Since I’ve been talking a lot about scale length lately, I thought I would profile a very strange, very rare guitar. It’s strange because the scale length is a full 27 inches!! Not 26.5″, not 26″, but seriously, for real, not kidding, 27″!!! It’s also strange because of it’s body design and shape, which has never been seen before or since. Now for the rare part, this one is labeled Kingston, but it’s not a Kawai and it’s not a Teisco. Why is this rare? Well, those were the only two known suppliers for Westheimer Music. Not anymore, because my friends, this guitar was made by Fujigen. For sure, no doubt, confirmed by yours truly. And you know I wouldn’t steer you wrong…
This model seems to date from 1965, and the guitar is big, solid and powerful! The four pickups all read out strong in the high 4k-high 5k range, and the pickups are wired in series for that full-out power surge with everything turned on. Also, I LOVE these tremolos! It’s a copy of a Hagstrom design, and it’s a really good copy.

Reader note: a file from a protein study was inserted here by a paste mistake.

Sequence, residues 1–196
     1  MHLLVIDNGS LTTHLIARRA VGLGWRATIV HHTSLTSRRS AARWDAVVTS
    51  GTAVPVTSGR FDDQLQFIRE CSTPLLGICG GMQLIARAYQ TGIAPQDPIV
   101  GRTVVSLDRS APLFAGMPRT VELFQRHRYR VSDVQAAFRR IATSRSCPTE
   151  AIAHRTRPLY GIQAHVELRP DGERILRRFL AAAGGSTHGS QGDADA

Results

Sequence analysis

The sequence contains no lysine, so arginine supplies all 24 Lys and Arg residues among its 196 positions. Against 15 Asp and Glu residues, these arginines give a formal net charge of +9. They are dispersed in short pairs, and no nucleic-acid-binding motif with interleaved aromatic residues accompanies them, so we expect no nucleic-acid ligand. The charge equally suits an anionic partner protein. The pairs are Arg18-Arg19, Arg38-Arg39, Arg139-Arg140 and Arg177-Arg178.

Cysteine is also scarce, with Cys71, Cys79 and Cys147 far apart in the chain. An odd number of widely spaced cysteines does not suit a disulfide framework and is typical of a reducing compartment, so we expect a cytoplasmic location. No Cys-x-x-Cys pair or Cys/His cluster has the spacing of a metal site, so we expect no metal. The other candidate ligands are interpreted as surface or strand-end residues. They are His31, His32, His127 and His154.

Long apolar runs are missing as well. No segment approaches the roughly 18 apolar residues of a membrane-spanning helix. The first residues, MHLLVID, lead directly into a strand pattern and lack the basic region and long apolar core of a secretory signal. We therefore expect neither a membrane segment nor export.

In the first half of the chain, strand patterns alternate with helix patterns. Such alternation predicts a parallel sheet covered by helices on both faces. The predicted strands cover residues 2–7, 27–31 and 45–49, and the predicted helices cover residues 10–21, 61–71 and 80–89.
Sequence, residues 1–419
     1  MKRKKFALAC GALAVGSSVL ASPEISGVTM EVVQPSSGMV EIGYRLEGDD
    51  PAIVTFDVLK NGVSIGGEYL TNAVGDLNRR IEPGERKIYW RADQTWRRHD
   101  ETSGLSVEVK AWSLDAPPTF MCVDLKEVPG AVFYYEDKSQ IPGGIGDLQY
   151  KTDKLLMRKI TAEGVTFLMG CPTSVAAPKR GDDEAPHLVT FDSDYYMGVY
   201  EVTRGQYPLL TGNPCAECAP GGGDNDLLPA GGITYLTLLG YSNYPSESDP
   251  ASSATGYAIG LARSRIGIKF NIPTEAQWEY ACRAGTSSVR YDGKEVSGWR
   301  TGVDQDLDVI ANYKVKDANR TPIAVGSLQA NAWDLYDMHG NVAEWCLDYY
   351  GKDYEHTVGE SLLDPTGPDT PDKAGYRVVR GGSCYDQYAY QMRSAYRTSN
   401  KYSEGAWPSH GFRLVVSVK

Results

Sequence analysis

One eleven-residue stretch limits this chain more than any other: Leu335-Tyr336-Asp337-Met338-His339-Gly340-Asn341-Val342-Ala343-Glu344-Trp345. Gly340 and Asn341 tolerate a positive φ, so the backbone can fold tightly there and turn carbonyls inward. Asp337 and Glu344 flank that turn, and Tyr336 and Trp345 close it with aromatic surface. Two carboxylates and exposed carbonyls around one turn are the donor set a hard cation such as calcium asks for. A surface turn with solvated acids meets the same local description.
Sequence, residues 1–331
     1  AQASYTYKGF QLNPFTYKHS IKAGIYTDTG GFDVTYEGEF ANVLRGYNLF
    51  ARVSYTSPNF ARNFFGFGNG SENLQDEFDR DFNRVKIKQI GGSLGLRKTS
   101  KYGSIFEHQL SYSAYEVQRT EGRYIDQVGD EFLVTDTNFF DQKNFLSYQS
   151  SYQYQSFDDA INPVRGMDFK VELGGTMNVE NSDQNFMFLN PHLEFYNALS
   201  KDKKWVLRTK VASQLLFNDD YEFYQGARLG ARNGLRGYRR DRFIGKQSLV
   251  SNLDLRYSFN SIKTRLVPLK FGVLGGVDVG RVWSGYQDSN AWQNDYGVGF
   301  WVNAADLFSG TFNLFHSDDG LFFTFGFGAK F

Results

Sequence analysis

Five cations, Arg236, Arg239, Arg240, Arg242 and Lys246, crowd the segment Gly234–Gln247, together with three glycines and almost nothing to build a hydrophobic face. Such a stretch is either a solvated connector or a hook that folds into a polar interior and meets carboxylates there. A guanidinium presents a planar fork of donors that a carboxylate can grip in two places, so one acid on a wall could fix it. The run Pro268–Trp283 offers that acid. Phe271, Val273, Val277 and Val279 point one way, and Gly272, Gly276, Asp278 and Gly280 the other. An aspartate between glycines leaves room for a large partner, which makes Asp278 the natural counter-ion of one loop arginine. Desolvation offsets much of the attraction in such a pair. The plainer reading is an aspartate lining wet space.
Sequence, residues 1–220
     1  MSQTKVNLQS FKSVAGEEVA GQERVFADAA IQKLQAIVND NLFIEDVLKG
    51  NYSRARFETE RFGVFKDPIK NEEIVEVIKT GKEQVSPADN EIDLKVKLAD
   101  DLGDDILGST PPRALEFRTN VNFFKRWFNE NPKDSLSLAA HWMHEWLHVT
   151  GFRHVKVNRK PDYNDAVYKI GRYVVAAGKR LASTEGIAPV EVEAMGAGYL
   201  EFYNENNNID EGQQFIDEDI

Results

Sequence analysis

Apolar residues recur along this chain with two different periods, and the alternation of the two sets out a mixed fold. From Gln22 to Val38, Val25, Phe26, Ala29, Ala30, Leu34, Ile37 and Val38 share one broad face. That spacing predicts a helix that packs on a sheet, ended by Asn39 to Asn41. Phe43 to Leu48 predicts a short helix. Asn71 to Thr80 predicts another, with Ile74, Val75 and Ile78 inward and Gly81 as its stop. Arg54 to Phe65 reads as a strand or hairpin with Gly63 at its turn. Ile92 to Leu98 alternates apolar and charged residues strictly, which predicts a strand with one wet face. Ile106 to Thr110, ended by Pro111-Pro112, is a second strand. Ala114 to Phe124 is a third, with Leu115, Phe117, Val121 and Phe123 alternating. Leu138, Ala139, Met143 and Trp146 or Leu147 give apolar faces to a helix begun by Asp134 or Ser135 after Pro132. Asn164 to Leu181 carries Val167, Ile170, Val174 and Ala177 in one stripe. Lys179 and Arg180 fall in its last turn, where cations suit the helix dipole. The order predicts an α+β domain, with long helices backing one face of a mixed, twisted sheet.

So this baritone thing…what makes a guitar a baritone? Well, in my mind it was always a guitar with a longer scale length than normal. Danelectro is said to have produced the first baritone guitar in the late 50s, and it’s longer scale length allows for different tunings, usually in the lower registers of the range. What I’m trying to figure out is if these guitars were being made as true baritone guitars, or were they a mistake on the designers’ part (who were still learning about scale length)? I’d love to hear from all of you regarding this question.
These types of guitars are perfect for big dudes with big hands! This guitar has a nice big neck, and a big ol body! I find it fascinating that one of Fujigen’s first electric guitars was a baritone! Fujigen made some really excellent guitars during the 70s and 80s, carrying the Ibanez, Greco, and Fender names. Yup, Fujigen made all (or most) of the Japanese Fender guitars starting in the early 80s, up to the later 90s. You know, the REALLY good Japanese Fenders? Anyway, for our video we Mike played in regular tuning with regular strings. But after fiddling around with this beast I realized heavy gauge strings really sound best. So there you go peeps, and let’s hear from you baritone fans!